(NPR, July 30, 2011) In 1999, Kathryn Bolkovac had run into hard times. A police officer in Lincoln, Nebraska, who had recently lost custody of her daughters in a divorce settlement, she was looking for a new job that would give her the means to live near them.
When Bolkovac heard she could earn good money in a short period of time by becoming part of the U.N. International Police Force in Bosnia -- run by a private British agency called DynCorp -- she decided to sign on.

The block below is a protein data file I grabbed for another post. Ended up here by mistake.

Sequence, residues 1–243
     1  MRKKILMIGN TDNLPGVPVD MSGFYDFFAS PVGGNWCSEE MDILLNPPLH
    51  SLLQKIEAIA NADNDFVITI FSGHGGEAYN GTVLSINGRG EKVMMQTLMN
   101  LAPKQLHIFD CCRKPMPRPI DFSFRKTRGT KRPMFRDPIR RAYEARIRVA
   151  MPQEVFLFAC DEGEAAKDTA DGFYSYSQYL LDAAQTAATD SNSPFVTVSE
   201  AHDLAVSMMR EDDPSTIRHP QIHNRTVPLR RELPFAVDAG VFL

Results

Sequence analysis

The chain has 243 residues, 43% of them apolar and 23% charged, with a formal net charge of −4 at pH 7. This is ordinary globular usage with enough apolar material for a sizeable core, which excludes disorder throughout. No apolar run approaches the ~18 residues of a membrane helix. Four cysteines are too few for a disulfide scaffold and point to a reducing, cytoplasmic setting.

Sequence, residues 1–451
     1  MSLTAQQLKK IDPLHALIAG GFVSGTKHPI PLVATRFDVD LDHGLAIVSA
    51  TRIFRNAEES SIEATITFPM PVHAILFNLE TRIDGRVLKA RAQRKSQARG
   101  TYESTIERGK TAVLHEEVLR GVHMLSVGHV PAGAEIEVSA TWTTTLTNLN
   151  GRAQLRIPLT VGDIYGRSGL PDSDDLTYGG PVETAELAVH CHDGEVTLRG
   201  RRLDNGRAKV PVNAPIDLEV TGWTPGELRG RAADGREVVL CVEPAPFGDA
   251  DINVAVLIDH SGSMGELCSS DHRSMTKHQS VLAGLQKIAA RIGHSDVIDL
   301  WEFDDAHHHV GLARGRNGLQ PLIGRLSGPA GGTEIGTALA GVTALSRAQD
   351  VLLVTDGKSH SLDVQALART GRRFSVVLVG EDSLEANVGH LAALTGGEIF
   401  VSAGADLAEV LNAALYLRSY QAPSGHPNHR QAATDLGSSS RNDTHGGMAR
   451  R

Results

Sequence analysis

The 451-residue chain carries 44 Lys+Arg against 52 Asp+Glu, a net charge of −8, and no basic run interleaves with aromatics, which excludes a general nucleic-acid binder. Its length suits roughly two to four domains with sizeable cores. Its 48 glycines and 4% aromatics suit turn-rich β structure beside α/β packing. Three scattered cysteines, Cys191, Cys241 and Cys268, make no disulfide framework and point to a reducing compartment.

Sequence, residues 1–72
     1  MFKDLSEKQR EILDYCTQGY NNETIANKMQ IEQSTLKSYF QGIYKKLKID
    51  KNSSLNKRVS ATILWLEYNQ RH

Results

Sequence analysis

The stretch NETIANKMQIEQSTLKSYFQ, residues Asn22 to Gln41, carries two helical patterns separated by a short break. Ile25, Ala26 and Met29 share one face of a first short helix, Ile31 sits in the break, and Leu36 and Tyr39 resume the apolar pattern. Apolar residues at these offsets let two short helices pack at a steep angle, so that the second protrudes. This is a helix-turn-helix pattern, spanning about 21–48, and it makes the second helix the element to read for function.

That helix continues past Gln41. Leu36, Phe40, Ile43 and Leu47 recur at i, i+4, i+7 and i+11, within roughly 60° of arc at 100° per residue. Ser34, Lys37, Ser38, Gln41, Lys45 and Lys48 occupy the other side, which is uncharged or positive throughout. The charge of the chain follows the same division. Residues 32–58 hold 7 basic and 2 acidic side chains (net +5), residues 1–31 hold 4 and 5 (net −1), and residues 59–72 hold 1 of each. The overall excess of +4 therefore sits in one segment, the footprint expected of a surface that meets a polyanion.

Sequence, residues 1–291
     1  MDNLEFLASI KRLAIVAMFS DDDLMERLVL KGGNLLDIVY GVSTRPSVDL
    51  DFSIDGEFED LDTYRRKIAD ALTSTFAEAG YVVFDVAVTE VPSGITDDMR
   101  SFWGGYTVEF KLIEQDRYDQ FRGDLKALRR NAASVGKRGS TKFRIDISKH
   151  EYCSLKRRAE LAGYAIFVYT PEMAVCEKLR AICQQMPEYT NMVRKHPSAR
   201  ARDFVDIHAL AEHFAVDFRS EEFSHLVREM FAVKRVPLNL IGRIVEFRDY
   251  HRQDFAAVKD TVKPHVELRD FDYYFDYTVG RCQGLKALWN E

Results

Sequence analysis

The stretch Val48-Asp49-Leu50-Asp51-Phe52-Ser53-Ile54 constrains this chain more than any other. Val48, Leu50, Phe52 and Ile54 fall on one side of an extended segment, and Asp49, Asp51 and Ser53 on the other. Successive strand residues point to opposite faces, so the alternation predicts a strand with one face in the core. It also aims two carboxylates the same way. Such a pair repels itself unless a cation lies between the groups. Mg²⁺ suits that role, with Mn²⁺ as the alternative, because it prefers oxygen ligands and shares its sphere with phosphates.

She found herself in the middle of an alarming human trafficking web. Mobsters were transporting teenage girls to bars and brothels for sex, and beyond turning a blind eye, the security firm and U.N. personnel seemed to be caught up in the trafficking themselves. She tried to sound the alarm, and she was fired.
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